Aiden Pearce, the protagonist of Ubisoft's highly-anticipated Watch Dogs, looks very familiar. Dark hair, early 30s, scruffy facial hair: If you were to put Pearce in a police lineup along with the other protagonists of the most popular western-developed video games, he'd be nearly impossible to pick out. As Polygon writer Colin Campbell notes, Pearce "looks like a randomly generated video game anti-hero."
Pearce is a vigilante hacker who wreaks technological havoc in Chicago in order to accomplish his goals. He looks virtually identical to Nathan Drake in Uncharted, or Joel in The Last of Us, or Booker DeWitt in Bioshock Infinite, or John Marston in Red Dead Redemption, or … well, the list goes on. Video game developers either have an Adam Levine obsession or they're continuing to lazily cater to a perceived audience of straight white male gamers.
When Watch Dogs was first unveiled at the Electronic Entertainment Expo in 2012, it blew critics away. Luke Plunkett at Kotaku raved "it looks amazing" and IGN's Richard George said it "has the ambition of scope and detail that few games have." Unfortunately, Aiden Pearce's cookie-cutter image keeps it from becoming the incredible game Watch Dogs could have been. Thanks to Aiden Pearce, Watch Dogs symbolically marks the start of another worrying game cycle of female under-representation.
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The specific contours of Pearce's character are also snooze-worthy. In a Polygon preview, the lead gameplay designer of Watch Dogs describes Pearce as an "antihero" who "lives in shades of grey." He is a "guy with a lot of rage" who is initially hard to like. Does that sound like Walter White on Breaking Bad, or Vic Mackey on The Shield or Frank Underwood on House of Cards? An amoral male antihero in 2014 is about as exciting as a slice of white bread.
Pearce's character brings the mismatch between video game protagonists and video game players into sharp relief. According to the Entertainment Software Association (ESA), 48% of video game players are female, and yet, of the thousands and thousands of video games that have been released, fewer than 1,000 of them feature a female protagonist.
Non-white gamers too, as Owen Good notes on Kotaku, are not being actively courted by game publishers, despite a Nielsen report that black gamers now spend more time per day playing games than any other group. As gamers grow more diverse, video game protagonists are continuing to stagnate.
Most video game journalists are not commenting on Pearce's race or gender, in part because his character seems so unremarkable, but also because Watch Dogs is an otherwise alluring game. The game is seen as technical proof of concept for Microsoft and Sony's freshly-minted consoles, the Xbox One and the PlayStation 4. Sony boasts the game will run at 60 frames per second at high resolution, "with the best graphics on any console." Watch Dogs is built to impress.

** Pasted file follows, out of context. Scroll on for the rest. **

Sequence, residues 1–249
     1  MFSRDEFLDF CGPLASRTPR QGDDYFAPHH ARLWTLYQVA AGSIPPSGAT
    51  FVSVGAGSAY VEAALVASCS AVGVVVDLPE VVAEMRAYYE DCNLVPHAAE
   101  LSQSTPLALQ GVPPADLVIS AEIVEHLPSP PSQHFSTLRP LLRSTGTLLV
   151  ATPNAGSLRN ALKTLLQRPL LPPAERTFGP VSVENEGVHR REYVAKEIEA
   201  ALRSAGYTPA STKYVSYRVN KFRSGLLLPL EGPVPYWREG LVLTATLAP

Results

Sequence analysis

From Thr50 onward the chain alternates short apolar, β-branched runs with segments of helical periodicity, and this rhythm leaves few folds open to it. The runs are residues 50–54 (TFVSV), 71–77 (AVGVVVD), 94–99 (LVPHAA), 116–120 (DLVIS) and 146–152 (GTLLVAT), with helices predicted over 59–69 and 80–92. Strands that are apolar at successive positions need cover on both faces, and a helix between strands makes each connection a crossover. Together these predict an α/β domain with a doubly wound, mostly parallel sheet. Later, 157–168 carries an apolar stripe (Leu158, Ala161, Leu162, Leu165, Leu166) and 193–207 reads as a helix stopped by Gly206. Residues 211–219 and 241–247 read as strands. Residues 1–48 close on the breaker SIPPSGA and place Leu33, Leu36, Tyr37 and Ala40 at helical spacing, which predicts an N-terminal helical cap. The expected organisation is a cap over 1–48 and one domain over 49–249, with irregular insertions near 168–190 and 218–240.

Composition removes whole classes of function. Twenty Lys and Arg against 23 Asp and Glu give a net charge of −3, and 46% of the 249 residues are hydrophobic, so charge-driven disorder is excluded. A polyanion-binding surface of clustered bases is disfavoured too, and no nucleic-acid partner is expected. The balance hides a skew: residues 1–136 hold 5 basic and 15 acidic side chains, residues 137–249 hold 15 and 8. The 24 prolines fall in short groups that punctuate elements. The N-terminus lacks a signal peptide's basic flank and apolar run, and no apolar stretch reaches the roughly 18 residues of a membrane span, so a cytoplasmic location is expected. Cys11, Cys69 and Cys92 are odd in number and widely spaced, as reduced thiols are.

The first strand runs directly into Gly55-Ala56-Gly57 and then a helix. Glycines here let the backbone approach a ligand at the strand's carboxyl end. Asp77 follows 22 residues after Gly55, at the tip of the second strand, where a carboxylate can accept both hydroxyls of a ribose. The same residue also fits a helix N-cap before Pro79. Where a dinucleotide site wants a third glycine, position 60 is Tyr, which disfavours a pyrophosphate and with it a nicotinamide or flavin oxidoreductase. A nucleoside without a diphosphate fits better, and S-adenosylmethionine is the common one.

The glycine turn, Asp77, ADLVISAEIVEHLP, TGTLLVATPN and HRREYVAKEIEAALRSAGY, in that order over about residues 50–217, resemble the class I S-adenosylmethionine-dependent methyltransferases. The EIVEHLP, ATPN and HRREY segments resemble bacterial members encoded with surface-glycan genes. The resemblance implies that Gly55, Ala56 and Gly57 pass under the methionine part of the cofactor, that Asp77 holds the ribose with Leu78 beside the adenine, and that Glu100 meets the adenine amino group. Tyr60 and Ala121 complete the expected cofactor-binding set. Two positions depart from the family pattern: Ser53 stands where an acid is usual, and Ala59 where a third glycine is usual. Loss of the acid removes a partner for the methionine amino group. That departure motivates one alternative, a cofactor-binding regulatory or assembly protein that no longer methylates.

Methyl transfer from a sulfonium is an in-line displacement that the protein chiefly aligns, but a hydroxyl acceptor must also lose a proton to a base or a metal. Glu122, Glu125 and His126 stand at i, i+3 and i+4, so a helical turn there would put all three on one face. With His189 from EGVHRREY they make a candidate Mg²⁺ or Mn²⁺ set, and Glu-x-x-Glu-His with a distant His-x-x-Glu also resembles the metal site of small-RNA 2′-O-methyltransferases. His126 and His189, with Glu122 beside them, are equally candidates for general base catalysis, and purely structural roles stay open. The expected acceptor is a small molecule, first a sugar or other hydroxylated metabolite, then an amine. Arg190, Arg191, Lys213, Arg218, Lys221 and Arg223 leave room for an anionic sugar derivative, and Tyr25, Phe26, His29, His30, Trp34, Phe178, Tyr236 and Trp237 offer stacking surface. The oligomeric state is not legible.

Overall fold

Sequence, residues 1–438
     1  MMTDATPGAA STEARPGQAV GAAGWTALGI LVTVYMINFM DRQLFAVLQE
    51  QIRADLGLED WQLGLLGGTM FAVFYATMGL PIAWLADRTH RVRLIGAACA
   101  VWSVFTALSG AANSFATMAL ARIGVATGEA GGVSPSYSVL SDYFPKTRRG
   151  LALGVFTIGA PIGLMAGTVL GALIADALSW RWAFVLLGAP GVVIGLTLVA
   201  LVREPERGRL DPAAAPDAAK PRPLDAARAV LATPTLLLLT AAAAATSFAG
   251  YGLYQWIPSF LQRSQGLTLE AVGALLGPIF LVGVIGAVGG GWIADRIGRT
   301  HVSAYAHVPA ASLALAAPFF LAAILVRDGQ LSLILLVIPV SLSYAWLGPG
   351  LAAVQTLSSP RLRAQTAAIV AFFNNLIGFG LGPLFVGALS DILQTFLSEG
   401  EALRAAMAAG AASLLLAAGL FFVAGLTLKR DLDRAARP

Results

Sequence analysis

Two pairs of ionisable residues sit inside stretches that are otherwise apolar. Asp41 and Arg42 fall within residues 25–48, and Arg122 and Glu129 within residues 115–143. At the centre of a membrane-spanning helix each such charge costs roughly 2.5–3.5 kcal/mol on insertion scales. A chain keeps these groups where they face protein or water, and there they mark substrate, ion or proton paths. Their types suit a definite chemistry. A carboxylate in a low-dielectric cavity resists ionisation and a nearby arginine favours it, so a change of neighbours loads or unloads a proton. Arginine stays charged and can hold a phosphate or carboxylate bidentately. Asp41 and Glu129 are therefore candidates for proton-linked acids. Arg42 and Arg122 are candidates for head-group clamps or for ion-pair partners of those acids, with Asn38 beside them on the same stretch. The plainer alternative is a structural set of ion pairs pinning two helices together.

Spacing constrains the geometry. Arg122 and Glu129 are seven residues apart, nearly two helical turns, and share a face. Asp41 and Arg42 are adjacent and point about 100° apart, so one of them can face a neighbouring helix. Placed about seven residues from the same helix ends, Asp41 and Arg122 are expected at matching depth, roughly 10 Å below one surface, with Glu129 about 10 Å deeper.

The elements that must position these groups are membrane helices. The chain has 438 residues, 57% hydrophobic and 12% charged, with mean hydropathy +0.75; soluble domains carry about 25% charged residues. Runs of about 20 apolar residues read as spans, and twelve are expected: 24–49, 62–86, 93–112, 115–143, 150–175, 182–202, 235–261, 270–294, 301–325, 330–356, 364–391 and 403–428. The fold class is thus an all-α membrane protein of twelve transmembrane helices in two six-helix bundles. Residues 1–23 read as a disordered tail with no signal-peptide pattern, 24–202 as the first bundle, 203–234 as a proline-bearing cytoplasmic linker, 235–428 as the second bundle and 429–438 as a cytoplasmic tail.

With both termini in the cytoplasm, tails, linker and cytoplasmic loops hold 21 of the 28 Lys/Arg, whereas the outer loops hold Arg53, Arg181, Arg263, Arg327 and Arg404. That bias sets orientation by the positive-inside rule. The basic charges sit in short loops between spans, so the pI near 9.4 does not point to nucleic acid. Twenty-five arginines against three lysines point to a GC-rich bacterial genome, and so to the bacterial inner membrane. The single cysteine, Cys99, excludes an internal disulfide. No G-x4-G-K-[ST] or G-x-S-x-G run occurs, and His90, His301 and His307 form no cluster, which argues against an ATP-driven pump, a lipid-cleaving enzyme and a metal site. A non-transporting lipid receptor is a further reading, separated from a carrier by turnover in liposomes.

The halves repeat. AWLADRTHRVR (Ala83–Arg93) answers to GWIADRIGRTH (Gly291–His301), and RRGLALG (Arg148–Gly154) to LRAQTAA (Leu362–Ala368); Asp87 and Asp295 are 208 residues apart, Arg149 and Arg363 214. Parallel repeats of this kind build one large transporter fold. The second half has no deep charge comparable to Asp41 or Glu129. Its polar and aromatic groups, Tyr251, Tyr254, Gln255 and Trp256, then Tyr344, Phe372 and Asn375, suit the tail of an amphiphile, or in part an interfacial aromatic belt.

Watch Dogs also promises to make meaningful changes to the tried-and-true open-world formula that has made the Grand Theft Auto series so successful. While game journalists, like Kotaku's Stephen Totilo, try to remain skeptical, they continue to cover the game with the sort of breathless attention that only accompanies a hotly-anticipated release. Previews focus on the dynamism of the Watch Dogs world and the complexity of its approach to surveillance culture.
To be fair, Watch Dogs' generic male protagonist is no more or less egregious than the protagonist of any other game featuring a scruffy, mid-30s male in the lead. What is most concerning here is the proliferation of the cycle of under-representation that Watch Dogs symbolizes. When new hardware — like the PlayStation 4 and Xbox One — gets released, there is a period of time known in the video game industry as the start of a "console cycle." Publishers tend to retreat into "safe" thematic content during that cycle until the hardware gathers momentum and the gaming audience rebuilds, much like what is happening now with Watch Dogs.
Games released at the start of a console cycle (like Bungie's Halo: Combat Evolved for the original Xbox) tend to push the technical characteristics of gaming forward, while trotting out the same staid characters and story lines. Late in a console cycle, publishers will take "risks" on female protagonists in big-budget games like last year's Tomb Raider reboot. This is a representational dynamic that's unique to the games medium.
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At the heart of this console cycle is a common misperception — most recently expressed by Epic's Chris Perna — that it's "tough to justify" including female protagonists in a game if you want your game to "sell." This has become something of a self-fulfilling prophesy, a calming platitude that game studios whisper to themselves in order to justify cultural conservatism and creative laziness. It's hard to know how well a game with a female protagonist can sell until you make one and market it as aggressively as you would any other title. There's no telling how a game with a female protagonist would perform if it had Watch Dogs' creative energy and marketing budget.
It's time to interrupt this cycle of female under-representation, instead of passively allowing it to play out just one more time. Watch Dogs doesn't seem to be a game with misogynist content that will arouse feminist ire, but it is a prime example of a game whose generic protagonist is worthy of interrogation and criticism. At this point in the history of video game representation, publishers need to be put on the defensive and asked to justify their inclusion of another straight white male protagonist when there have already been so many. It's time to stop implicitly accepting white male characters as the default and to start asking hard questions about why we need another Aiden Pearce.